Long regarded as one of the finest of female blues singers, her reputation rests on her Paramount recordings made in the 1920s and, to a lesser extent, a number of later recordings. She is in fact regarded as one of the consummate female blues vocalists of the 1920s. While her voice is not as intense as that of her two main rivals, Bessie Smith and ‘‘Ma’’ Rainey, it is nevertheless remarkably strong, capable of charging even a second-rate lyric with a highly wrought emotionalism.

Ida Cox

On this day in 2012 Louisiana Red, American blues musician, died from stroke at 79.

Back in 1998 when Shawn Colvin was announced as the Grammy winner for Song Of The Year', Ol' Dirty Bastard of Wu-Tang Clan rushed the stage, commandeered the microphone and claimed his group should have won the Best Rap Album award over Puff Daddy, because "Wu-Tang is for the children." Shaun promptly comandeered the microphone. Seems that she inserted it in in Ol'Dirty's where the sun dont shine! When the sound crew retrieved the mic they discovered that he wasn't called Ol' Dirty Bastard for nothin'! He was a founding member of the Wu-Tang Clan and died of "unknown causes" on Saturday 12 Nov 2004 in New York. The coroner in his report didn't want to write "long-standing disfunctional anus"!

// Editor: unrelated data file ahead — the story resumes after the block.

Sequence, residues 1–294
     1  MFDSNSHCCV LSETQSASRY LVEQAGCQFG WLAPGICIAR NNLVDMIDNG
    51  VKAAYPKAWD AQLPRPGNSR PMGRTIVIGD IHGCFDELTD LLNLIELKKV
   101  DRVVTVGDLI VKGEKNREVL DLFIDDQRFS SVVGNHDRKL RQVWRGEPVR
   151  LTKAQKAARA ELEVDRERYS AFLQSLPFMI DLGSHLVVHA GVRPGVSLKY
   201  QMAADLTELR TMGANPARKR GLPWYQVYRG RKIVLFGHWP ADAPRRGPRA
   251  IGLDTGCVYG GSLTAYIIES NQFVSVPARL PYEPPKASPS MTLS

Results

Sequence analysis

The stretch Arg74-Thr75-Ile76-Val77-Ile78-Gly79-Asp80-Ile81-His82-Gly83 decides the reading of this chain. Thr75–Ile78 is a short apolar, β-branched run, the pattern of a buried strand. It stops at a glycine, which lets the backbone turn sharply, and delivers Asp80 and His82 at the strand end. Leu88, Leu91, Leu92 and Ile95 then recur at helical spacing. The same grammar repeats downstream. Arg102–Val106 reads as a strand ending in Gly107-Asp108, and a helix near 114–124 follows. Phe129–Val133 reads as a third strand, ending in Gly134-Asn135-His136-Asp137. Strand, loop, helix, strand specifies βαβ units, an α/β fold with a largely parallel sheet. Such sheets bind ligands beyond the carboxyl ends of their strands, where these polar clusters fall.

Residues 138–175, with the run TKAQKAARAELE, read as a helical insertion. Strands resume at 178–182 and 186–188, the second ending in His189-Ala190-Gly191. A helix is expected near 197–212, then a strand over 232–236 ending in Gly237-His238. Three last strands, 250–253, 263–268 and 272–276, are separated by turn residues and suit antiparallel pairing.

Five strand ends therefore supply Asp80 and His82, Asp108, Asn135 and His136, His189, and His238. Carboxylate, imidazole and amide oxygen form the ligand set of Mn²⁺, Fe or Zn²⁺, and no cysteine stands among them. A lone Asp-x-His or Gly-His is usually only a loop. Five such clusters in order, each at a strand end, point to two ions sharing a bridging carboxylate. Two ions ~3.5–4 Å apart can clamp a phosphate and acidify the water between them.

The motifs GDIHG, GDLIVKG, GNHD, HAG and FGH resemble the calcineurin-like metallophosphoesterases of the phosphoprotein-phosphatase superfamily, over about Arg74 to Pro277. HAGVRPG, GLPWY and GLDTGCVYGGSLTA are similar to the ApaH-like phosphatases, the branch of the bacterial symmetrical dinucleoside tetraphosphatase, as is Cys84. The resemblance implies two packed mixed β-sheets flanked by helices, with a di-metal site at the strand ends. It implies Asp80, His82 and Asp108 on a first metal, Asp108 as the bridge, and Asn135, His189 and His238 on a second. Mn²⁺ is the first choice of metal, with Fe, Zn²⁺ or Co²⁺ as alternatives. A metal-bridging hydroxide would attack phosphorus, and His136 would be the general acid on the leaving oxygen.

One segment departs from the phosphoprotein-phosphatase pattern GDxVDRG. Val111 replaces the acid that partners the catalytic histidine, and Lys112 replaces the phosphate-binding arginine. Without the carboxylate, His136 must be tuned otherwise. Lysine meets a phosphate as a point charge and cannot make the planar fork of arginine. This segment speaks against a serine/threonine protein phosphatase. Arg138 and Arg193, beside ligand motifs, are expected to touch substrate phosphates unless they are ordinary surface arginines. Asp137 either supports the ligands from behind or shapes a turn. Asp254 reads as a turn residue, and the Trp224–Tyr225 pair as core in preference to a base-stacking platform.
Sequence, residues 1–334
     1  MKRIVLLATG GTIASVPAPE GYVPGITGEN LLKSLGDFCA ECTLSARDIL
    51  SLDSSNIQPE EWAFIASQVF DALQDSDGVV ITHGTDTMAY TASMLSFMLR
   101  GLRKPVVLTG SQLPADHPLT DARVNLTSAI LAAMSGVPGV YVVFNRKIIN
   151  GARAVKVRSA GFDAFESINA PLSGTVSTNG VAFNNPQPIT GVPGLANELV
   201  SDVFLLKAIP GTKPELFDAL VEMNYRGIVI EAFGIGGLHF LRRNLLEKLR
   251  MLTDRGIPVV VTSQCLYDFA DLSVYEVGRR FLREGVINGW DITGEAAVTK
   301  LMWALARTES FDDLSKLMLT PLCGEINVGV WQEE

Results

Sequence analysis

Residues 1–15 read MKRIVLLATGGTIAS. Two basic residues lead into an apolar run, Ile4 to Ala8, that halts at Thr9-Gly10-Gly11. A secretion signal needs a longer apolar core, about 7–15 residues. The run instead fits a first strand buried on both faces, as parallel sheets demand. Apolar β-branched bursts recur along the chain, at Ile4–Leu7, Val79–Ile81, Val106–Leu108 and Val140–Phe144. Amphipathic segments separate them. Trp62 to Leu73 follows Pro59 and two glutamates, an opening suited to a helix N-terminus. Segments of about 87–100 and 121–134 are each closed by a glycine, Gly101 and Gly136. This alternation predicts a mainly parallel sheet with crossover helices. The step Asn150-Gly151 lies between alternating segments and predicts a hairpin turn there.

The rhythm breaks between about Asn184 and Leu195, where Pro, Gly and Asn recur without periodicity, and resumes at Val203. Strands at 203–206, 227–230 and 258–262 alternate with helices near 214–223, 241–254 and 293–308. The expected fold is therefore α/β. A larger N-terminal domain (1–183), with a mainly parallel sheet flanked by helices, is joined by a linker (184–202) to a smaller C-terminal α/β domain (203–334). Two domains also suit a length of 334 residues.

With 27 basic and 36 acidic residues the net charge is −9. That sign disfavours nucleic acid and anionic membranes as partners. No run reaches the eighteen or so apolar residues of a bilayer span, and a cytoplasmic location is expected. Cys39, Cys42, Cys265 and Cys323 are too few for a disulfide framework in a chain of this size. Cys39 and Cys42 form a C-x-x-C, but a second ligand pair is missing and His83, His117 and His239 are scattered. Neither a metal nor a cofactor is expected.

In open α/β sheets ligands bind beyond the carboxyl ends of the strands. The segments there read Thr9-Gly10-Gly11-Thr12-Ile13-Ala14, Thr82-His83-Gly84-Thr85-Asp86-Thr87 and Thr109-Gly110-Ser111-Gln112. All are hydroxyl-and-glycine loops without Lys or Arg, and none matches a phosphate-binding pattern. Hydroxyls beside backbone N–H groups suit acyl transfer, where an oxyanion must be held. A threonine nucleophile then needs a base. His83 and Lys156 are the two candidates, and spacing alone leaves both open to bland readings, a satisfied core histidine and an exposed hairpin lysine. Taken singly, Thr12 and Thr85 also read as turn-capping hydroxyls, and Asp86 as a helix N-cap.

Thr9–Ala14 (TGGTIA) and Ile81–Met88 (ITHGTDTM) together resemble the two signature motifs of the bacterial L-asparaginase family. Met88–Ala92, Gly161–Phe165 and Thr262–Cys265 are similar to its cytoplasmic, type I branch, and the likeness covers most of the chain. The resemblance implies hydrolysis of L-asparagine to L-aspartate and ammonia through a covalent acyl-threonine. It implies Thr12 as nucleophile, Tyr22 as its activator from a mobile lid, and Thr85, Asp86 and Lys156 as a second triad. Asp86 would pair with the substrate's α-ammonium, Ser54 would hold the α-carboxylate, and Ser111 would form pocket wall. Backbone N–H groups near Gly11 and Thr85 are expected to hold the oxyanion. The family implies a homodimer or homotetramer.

On this day the 26th of Feb

Booker T. Washington "Bukka" White (born November 12, 1909) died on this day February 26, 1977. He was an African-American Delta blues guitarist and singer. "Bukka" is a phonetic spelling of White's first name, placed on the labels of his early recordings. He preferred the proper spelling of his name, "Booker," as he was named after the well-known African-American educator and civil rights activist Booker T. Washington.

Born on this day the 26 February 1928 in New Orleans hythm and blues pianist and singer FATS DOMINO. In the early 1950s he emerged as a major R&B star performing his New Orleans–style boogies and blues, but by the middle of the decade, Domino exploded as a rock ’n’ roll star second in popularity only to Elvis Presley. Dave Bartholomew recorded Domino with some the most exciting New Orleans musicians in the business, notably Herb Hardesty, Lee Allen, and Red Tyler on saxes, Frank Fields on bass, and Earl Palmer on drums. Domino’s first release, ‘‘The Fat Man,’’ was a fast boogie based on Jack DuPree’s ‘‘Junker’s Blues.’’ Blues were a sizable part of Domino’s early repertoire, with such R&B charters as ‘‘Every Night About This Time’’ (1950), ‘‘Going Home’’ (1952), ‘‘Going to the River’’ (1953), ‘‘Please Don’t Leave Me’’ (1953), and ‘‘What a Price’’ (1961). Two outstanding blues numbers that did not make the charts were the Domino’s versions of the standard ‘‘Careless Love’’ and ‘‘Don’t You Lie to Me.’’

BIG MACEO (born Major Merriweather, 21 March 1905) died on this day the 26th February 1953 in Chicago, IL